Inventory Carrying Cost - Components, Calculation & Profitability
Business leaders frequently have a laser-like concentration on revenue expansion. However, because of their focus, they can overlook less evident costs, which would hurt their profitability. In this regard, the inventory carrying cost, or the costs associated with keeping inventory until it is sold, are among the expensive hidden expenses.
Keep reading to learn about this carrying cost in detail.
What Is Inventory Carrying Cost?
The term "inventory carrying cost," sometimes known as "carrying costs," is frequently used in accounting to refer to all expenses in relation to the storage of unsold goods. This includes intangible expenses like lost opportunity expenses, warehousing expenses and depreciation, i.e., the varied cost paid by a business for storing inventory.
What Are the Components of Inventory Carrying Cost?
Inventory carrying costs have several components, which include the following:
1. Capital Costs
Capital expenses are what businesses incur when they buy products, along with any loans they sign out to do so.
2. Storage Costs
Companies must pay storage expenses, such as warehouse mortgages, in order to store their products. Storage costs could also include variable expenses like labour and utilities.
3. Opportunity Cost
This expense is caused by inventory that stays in the warehouse for an extended period. Therefore, a company can use the money that was restricted to keep goods on shelves for an extended period.
4. Labour or Employee Cost
Every company either employs a small number of full-time workers or hires labour for a wage when commodities arrive at its warehouse. There are two methods to cut these expenses. First, you can arrange your inventory so that the items that move quickly are close at hand, making transporting them more accessible and requiring fewer hands.
Otherwise, by using creative "picking" processes, you can potentially automate this process.
5. Costs Due to Stocks Nearing their Shelf-Life
To know where goods stand, a company must keep track of its inventory. If the stocks have yet to reach their expiration date, they can be sold at substantial discounts. But unfortunately, such commodities frequently end up in the trash due to carelessness, raising the carrying cost of the holding inventory.
6. Administration Cost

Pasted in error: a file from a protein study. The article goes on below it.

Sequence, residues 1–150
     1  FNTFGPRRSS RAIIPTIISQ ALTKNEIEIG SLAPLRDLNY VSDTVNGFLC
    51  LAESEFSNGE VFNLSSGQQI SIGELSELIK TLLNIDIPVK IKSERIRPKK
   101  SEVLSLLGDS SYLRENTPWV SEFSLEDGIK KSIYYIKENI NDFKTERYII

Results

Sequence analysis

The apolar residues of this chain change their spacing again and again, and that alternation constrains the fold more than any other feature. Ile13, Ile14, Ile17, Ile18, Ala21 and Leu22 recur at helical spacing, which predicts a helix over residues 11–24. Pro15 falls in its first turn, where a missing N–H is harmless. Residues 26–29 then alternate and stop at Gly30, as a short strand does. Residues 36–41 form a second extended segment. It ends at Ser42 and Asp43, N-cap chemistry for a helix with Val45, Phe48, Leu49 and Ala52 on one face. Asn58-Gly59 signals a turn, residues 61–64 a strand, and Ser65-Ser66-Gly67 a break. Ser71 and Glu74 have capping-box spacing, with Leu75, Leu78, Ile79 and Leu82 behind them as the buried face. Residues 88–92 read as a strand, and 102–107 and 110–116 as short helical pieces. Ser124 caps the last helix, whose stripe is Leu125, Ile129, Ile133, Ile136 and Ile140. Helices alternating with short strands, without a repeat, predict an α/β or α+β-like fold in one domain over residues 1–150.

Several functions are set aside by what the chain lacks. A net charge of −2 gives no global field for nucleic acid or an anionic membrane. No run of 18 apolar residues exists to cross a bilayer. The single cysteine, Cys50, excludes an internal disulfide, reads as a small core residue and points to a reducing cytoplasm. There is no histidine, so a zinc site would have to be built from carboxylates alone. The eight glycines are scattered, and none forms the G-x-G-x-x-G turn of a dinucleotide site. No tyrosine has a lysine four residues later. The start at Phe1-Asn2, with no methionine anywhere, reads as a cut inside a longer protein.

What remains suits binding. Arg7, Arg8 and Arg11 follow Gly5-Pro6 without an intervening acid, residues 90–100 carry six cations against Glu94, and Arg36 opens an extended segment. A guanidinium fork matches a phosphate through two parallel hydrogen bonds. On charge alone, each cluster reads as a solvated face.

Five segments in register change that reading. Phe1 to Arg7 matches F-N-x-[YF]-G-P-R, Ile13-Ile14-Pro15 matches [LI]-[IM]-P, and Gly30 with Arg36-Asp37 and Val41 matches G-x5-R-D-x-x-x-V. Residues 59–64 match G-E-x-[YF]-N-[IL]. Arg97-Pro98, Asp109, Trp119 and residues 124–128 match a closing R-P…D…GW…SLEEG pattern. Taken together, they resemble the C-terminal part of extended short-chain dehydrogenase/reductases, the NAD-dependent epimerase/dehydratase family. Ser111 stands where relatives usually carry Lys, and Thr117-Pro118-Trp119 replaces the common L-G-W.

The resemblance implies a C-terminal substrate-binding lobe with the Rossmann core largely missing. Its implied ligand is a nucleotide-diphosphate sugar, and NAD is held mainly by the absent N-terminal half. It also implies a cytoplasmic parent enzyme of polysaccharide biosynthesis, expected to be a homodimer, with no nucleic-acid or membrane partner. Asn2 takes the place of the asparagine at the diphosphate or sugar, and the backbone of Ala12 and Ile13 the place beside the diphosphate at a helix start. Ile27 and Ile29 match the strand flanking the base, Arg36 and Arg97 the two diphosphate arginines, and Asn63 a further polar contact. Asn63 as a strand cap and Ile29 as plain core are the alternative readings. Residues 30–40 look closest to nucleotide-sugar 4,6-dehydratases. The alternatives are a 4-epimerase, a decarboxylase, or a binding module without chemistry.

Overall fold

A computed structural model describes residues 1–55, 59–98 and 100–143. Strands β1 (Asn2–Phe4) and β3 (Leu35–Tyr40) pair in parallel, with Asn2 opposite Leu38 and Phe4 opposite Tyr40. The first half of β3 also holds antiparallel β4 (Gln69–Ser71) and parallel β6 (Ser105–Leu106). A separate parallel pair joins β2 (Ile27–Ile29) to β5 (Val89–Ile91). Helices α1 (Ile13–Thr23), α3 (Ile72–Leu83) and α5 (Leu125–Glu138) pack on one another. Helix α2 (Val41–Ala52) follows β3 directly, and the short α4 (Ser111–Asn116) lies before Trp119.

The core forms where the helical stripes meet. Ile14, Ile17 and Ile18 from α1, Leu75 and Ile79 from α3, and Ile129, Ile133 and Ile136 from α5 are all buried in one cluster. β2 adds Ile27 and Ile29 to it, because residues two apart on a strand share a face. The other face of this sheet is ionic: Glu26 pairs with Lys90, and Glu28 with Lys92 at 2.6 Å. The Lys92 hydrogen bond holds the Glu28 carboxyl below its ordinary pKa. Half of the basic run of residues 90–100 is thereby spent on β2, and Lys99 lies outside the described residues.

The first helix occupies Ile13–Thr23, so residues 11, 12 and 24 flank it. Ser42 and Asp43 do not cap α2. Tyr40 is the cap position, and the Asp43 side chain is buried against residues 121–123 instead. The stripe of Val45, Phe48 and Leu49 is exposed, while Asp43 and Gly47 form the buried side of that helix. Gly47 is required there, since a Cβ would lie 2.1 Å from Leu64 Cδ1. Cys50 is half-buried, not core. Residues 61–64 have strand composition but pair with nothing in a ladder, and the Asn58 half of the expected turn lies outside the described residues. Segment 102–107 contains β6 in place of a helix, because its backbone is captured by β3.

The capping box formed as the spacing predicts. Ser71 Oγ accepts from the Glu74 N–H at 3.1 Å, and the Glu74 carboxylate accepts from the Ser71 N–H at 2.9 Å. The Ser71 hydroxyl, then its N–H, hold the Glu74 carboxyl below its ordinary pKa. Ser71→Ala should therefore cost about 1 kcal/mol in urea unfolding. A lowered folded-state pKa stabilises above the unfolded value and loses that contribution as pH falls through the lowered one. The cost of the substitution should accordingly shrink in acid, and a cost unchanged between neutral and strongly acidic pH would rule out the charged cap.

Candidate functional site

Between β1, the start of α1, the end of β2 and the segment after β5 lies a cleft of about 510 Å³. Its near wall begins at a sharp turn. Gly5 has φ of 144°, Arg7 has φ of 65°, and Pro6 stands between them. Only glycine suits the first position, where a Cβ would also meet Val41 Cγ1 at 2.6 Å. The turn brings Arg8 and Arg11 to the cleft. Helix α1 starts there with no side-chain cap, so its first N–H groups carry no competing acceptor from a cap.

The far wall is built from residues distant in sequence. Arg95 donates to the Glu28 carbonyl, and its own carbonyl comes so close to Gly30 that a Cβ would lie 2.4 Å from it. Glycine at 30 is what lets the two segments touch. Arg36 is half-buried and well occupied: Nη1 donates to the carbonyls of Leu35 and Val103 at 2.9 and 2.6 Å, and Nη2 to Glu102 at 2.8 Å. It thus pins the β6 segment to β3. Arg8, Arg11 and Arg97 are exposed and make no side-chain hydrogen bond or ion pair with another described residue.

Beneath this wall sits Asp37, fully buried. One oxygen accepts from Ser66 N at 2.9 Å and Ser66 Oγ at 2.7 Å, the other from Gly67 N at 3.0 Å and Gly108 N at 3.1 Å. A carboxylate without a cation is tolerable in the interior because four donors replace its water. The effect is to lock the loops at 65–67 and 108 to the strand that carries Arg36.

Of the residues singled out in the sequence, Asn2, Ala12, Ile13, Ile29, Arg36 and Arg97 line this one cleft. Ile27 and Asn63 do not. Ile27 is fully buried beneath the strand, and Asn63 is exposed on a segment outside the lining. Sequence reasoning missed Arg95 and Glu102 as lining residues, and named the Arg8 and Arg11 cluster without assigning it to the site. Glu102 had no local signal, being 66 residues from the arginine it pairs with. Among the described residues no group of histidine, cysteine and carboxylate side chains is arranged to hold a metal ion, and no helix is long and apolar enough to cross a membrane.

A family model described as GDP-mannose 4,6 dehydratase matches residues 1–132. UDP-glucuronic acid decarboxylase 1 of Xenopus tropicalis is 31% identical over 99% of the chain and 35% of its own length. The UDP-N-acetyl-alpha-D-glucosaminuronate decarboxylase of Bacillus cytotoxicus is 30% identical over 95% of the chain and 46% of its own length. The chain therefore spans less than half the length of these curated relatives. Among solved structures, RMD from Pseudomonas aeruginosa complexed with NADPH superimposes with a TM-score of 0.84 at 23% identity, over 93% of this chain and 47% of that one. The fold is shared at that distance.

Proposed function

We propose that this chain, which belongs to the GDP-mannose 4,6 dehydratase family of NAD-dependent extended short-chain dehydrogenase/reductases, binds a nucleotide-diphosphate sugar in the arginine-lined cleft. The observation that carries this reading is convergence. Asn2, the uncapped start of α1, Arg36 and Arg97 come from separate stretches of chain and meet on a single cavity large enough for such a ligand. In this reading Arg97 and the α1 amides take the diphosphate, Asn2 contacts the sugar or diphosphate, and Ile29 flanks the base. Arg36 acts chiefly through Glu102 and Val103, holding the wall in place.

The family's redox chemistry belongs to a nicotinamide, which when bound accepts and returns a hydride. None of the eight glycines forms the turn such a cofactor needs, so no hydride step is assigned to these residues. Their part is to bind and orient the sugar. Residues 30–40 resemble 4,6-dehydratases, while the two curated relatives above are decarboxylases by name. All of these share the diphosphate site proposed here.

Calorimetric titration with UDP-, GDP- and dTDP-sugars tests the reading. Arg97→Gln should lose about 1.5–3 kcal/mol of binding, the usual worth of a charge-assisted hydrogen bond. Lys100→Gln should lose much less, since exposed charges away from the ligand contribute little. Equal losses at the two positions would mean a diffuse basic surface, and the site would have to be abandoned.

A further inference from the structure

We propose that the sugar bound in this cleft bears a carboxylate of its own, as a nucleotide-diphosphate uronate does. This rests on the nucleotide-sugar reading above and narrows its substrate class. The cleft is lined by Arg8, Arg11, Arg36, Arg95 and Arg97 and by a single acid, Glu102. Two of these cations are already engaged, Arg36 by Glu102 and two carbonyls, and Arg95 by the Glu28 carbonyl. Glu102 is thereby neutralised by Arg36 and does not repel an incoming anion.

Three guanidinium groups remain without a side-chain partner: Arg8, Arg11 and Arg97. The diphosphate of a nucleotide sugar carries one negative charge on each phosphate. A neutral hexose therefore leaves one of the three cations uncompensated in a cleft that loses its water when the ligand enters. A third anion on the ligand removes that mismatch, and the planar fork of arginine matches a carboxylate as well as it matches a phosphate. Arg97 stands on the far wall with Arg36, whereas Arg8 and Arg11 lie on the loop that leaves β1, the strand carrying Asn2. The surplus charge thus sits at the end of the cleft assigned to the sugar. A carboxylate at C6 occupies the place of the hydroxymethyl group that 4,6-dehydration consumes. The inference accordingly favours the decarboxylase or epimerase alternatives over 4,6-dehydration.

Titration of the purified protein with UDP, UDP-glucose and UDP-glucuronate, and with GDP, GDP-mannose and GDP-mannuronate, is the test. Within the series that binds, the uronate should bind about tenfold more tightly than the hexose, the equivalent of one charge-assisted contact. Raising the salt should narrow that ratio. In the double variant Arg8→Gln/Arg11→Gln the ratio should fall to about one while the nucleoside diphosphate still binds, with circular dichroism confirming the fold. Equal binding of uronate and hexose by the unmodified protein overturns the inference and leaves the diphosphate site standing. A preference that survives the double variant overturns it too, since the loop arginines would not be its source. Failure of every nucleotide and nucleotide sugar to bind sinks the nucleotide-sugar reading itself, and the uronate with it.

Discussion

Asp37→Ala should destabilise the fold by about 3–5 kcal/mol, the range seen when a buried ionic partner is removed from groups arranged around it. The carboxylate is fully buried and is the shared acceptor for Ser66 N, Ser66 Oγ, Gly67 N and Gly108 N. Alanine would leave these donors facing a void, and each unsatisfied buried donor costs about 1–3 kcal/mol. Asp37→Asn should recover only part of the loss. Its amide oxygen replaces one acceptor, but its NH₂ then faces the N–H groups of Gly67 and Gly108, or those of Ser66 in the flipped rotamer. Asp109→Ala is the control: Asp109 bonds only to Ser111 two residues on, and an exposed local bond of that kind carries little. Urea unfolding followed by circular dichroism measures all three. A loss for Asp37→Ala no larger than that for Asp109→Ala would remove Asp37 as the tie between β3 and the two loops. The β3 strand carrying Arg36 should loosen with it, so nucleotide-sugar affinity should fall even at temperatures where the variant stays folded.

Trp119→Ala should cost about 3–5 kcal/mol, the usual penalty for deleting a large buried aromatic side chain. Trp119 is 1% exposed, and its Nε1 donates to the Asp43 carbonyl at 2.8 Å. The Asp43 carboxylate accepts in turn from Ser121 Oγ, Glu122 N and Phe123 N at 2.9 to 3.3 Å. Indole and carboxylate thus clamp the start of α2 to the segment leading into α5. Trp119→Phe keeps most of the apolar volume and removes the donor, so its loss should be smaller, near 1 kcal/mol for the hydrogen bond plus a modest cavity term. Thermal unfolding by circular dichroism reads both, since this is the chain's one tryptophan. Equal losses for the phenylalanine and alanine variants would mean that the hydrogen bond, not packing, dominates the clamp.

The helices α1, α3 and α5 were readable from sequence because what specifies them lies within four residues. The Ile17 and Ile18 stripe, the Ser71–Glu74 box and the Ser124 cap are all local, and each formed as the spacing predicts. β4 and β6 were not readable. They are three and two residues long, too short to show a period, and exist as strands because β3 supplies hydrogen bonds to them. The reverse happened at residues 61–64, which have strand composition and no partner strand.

Depending on the type of items held, the storage area needs to be frequently cleaned or sanitised. Transportation of these goods is covered by administrative expenses, as is facility upkeep.
7. Insurance Cost
Inventory needs to be safeguarded against emergencies like fires and floods. The insurance amount rises proportionately to the size of your company's stock, and a high inventory also raises tax rates.
8. Material Handling Costs
Extensive inventories demand accurate labelling, which necessitates the use of the proper equipment. A reduced inventory will relieve the company of these expenses.
9. Inventory Risk Costs
Costs associated with inventory risk, such as depreciation, shrinkage, and outmoded products, can cause businesses to incur losses on the value of their products. In addition, these inventory risk charges might make businesses lose money on the price of the goods.
10. Delayed Innovation
A business is unlikely to innovate and come up with new ideas if it is always focused on getting rid of excess stock rather than adding a feature or a new product that customers have demanded. Also, if businesses routinely carry too much inventory, they may become trapped in this cycle. On the other hand, resources will be freed up for research and development if stock levels are optimised.
How to Calculate Inventory Carrying Cost?
To calculate inventory carrying cost, organisations have to abide by a few steps:
1. Calculate Different Inventory Costs
The first step is to calculate the cost to the business of each inventory item. This can be accomplished by calculating all costs associated with things like physical storage, labour required to run a warehouse, insurance, opportunity costs, and other connected expenditures.
You might also need to determine whether any objects have lost value or if you've lost any as a result of theft or damage.
2. Calculate Inventory Holding Cost